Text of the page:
Jury nullification, which refers to the jury's intentional disregard of the law as presented in arriving at its verdict, is an important policy concern for the legal system. Despite the well-settled law regarding the issue, the legal field is entrenched in a decades old debate regarding its merits and problems, with proponents arguing that courts should explicitly instruct jurors as to this right, and opponents arguing that explicitly avowing nullification "risks the ultimate logic of anarchy." As in many other policy situations, however, psychology has much that it can say about this issue - most importantly regarding under what circumstances, and even if, nullification occurs. Unfortunately, most research to date has focused on the somewhat peripheral question of the influence of jury nullification instructions on verdict and not jury nullification itself. The current chapter begins by outlining the relevant case law before turning to the psychological research that has addressed nullification. In so doing, this chapter identifies the principal shortcoming of this literature, namely, the use of verdicts as a primary dependent variable. The chapter then reports a study which proposes and uses a paradigm for measuring actual nullification verdicts in order to determine whether mock jurors completing a jury nullification task, which varied the presence or absence of instructions on the right to nullify, would actually return verdicts which could reasonably be viewed as nullification. The current research is important for both academics and policy makers. For academics, the research presents a paradigm for evaluating jury nullification. For policy makers, the findings underscore the supposition that nullification may in fact be a relatively low base-rate event. Contrary to the concerns of its critics, jury nullification seems to be neither errant nor particularly more likely in the presence of so called nullification instructions.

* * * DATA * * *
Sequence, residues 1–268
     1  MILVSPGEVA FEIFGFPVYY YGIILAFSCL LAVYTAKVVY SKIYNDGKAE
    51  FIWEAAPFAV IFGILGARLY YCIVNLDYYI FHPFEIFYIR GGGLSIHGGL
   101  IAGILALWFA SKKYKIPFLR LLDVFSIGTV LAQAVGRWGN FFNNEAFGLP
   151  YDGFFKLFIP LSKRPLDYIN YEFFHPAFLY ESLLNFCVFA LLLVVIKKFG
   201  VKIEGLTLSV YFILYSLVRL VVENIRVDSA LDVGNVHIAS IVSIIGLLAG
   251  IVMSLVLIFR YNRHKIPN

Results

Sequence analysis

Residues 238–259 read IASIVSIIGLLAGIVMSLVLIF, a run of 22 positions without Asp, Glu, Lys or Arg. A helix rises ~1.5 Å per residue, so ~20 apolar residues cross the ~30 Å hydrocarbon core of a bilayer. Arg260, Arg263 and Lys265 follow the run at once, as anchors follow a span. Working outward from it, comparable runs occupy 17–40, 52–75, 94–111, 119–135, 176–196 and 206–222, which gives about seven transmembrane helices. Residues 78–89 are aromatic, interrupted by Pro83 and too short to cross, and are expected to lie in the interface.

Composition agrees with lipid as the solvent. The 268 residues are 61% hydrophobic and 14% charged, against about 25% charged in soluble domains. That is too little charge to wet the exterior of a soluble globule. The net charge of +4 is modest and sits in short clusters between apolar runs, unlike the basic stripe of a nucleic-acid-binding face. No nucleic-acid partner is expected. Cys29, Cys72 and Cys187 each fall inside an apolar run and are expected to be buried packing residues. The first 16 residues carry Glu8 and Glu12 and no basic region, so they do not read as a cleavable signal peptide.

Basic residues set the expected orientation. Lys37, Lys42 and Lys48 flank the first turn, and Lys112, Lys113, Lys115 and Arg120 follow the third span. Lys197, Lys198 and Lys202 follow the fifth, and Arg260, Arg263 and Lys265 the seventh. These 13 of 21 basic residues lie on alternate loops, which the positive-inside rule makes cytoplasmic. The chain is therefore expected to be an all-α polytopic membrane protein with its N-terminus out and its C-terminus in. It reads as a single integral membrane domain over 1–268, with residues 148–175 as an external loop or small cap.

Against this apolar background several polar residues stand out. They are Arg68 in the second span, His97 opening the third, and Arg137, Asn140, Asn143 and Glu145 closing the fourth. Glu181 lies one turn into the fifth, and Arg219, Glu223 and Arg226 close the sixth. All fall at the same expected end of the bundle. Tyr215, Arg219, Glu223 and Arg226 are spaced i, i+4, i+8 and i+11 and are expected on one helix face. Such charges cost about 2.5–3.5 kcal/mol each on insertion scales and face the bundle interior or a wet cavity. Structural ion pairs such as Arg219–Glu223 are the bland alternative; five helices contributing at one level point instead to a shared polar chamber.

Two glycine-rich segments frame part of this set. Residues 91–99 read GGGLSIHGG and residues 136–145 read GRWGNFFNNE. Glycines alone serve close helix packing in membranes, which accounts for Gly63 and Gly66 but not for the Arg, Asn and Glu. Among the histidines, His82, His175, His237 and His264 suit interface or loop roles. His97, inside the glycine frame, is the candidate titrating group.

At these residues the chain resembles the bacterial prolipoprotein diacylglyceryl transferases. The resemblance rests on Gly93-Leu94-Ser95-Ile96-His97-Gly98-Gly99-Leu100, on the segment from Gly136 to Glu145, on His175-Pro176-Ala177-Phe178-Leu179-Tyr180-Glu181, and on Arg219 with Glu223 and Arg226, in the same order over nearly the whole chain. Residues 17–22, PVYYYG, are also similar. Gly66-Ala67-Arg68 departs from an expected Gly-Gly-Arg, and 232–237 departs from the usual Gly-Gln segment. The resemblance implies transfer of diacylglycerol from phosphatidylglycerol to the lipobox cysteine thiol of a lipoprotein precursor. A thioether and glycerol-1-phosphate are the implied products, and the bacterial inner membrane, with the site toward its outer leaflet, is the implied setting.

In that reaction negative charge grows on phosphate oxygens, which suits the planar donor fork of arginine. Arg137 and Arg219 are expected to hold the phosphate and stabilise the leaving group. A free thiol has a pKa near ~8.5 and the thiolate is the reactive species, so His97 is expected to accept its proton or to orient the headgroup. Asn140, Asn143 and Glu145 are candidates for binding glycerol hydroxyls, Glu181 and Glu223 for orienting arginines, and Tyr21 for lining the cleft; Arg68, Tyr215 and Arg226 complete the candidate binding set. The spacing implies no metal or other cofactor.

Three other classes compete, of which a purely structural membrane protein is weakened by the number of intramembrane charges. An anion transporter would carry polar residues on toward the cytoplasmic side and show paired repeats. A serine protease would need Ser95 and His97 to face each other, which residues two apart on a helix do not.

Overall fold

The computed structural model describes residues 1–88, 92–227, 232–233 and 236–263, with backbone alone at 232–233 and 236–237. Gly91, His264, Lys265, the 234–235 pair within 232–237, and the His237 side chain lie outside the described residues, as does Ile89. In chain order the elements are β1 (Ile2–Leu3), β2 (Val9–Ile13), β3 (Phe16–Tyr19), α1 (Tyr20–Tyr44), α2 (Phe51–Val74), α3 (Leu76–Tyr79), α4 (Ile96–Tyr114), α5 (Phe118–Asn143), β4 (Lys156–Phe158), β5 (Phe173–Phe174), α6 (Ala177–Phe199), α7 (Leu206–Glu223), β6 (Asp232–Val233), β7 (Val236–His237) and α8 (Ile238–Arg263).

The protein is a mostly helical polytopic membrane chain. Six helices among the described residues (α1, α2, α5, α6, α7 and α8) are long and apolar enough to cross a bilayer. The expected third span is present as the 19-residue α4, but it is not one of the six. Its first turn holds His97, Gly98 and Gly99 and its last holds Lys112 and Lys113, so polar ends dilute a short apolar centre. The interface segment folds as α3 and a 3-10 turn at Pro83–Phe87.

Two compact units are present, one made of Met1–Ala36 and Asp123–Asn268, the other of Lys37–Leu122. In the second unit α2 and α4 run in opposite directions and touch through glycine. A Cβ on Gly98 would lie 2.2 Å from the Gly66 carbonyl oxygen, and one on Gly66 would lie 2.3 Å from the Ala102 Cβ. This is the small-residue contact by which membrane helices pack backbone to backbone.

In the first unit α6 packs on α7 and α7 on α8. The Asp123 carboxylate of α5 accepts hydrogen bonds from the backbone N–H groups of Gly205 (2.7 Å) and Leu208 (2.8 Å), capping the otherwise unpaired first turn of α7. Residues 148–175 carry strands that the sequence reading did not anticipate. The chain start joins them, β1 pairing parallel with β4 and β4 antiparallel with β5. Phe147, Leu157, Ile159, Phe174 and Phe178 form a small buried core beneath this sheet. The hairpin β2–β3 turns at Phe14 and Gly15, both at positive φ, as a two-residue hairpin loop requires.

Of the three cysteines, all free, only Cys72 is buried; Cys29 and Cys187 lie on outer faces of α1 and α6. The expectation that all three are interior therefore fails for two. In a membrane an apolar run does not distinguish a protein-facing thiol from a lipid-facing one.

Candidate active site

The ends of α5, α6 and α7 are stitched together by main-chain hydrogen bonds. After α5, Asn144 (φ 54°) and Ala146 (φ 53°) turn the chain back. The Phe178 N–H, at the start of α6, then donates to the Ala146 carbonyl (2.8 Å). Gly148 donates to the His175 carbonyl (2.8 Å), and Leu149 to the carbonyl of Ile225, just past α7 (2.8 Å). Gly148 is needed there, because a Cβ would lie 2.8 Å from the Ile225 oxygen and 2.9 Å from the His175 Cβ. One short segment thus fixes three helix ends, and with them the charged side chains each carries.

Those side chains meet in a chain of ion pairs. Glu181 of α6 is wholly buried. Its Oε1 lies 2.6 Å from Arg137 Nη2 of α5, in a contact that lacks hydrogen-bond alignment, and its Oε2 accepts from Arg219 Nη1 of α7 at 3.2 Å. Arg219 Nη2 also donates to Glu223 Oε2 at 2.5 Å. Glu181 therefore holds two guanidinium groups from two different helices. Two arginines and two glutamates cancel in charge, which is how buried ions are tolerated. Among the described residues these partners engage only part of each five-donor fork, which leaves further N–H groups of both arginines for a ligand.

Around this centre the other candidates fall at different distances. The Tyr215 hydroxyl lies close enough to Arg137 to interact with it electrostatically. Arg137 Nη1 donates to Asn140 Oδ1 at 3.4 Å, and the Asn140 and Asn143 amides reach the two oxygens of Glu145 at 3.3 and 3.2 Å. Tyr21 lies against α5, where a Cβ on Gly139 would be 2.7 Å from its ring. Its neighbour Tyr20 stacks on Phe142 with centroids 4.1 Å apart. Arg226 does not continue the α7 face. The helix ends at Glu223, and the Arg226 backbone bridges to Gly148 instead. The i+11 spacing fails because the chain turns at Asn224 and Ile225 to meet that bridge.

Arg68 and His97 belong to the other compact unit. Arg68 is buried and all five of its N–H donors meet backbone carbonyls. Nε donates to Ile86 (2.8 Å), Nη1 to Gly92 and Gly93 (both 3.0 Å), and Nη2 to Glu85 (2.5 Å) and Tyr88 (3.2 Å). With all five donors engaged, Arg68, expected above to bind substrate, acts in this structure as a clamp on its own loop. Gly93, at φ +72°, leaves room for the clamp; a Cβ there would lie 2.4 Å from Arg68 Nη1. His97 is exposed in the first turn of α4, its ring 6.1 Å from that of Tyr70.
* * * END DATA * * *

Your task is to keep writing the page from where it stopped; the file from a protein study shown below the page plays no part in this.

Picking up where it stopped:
|Original language||English (US)|
|Title of host publication||Psychology of Policy-Making|
|Publisher||Nova Science Publishers, Inc.|
|Number of pages||23|
|State||Published - Dec 1 2013|
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